MakerBot Loses (Another) CEO
Michael Molitch-Hou posted on January 20, 2017 |

Desktop 3D printer manufacturer and Stratasys subsidiary MakerBot has announced the replacement of yet another CEO. Jonathan Jaglom has resigned and will be replaced by the company's president, Nadav Goshen.

MakerBot CEO Jonathan Jaglom (left) will be replaced by MakerBot President Nadav Goshen (right). (Image courtesy of MakerBot.)
MakerBot CEO Jonathan Jaglom (left) will be replaced by MakerBot President Nadav Goshen (right). (Image courtesy of MakerBot.)

The story of MakerBot is an interesting one. The firm was the first desktop 3D printer startup to catch the eye of the media and was a major part of the industry boom that led to public awareness of the technology. In many ways, if it weren't for MakerBot, I might not even be writing about the technology today.

The company began by releasing open-source desktop 3D printer kits but slowly began to abandon its roots in the RepRap 3D printer movement, which was responsible for the proliferation of so many open-source 3D printers. After implementing community designs in the Replicator 2 3D printer and changing the terms of service for its 3D model community to a seemingly less transparent model, MakerBot made its printers closed source.

Along the way in 2013, the world's leader in industrial thermoplastic extrusion 3D printing, Stratasys, purchased the desktop manufacturer for $604 million. Shortly thereafter, MakerBot's original founder and CEO, Bre Pettis, stepped down for a position at Stratasys until ultimately leaving Stratasys in 2015. Pettis was replaced by MakerBot President Jenny Lawton, who stepped down in 2014 to be replaced by Jonathan Jaglom, son of the chairman of the Stratasys board of directors.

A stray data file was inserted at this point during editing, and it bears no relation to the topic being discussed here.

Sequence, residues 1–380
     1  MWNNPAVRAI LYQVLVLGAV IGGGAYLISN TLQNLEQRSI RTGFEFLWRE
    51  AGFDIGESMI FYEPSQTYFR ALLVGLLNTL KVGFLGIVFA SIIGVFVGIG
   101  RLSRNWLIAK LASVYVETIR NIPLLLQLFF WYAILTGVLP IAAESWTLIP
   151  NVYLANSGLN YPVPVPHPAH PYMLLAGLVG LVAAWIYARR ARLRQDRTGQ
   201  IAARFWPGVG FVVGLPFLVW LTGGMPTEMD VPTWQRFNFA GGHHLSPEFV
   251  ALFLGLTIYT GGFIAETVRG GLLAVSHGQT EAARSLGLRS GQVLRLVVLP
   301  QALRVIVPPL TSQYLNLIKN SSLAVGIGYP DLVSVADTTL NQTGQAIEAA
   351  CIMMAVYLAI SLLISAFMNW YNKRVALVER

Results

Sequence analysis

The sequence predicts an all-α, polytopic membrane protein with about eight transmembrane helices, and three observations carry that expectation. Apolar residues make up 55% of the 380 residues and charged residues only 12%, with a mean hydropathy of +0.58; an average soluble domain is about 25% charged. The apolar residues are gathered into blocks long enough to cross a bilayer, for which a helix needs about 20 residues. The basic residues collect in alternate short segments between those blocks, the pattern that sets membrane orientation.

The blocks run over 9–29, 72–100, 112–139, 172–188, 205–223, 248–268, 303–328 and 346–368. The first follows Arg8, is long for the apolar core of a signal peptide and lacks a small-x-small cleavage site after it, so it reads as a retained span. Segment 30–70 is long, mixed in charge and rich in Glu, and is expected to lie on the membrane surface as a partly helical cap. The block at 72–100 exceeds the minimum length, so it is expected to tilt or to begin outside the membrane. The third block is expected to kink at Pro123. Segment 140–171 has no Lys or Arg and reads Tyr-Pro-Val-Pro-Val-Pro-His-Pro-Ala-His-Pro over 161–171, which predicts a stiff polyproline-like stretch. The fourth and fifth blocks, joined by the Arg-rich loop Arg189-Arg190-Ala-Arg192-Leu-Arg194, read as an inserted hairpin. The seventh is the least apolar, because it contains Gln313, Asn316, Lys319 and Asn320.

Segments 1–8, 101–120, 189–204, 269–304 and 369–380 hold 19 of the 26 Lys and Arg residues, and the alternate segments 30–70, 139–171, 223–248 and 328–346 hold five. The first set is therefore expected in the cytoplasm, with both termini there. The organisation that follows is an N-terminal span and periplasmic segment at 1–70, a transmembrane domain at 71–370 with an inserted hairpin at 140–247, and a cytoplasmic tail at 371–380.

It was under Jaglom that MakerBot experienced two massive layoffs, as the firm struggled to overcome a PR issue associated with its fifth-generation Replicator 3D printers, as well as the loss of its original community. The extruder on these machines was notoriously problematic, often resulting in multiple replacements, not all of which were covered under warranty. The extruder even became a part of a class action lawsuit against MakerBot on the behalf of investors who argued that the firm had knowingly rushed a flawed component and product to market.

Though the Smart Extruder was upgraded, the brand continued to suffer. After a second round of layoffs, Jaglom decided to begin outsourcing the production of MakerBot products to China through contract manufacturer Jabil.

Before Jaglom resigned, the company was able to launch a new and improved MakerBot Replicator 3D printer, but it’s difficult to say if the new model has made up for the extensive damage the brand had already done to its image. At the same time, since its initial hype bubble, the consumer 3D printing industry has become more stagnant than the industrial realm. Many desktop manufacturers have disappeared, while others have shifted to a more industrial focus, including MakerBot.

Now, Jaglom will be succeeded by MakerBot's former president, Nadav Goshen, who, according to a company press release, has over 15 years experience in leading turnarounds at tech companies and whose expertise lies in defining new products and business models, as well as growing digital ecosystems. Before MakerBot, Goshen led private equity investments related to mobile and other tech industries.

For someone who was brought into the 3D printing industry by brands like MakerBot, it would be exciting to see the company once again at the forefront of desktop 3D printing. It's possible that Goshen will be able to make that happen. In this author's opinion, the best way to do so would be to return to the company's roots and make its products open source and community oriented.

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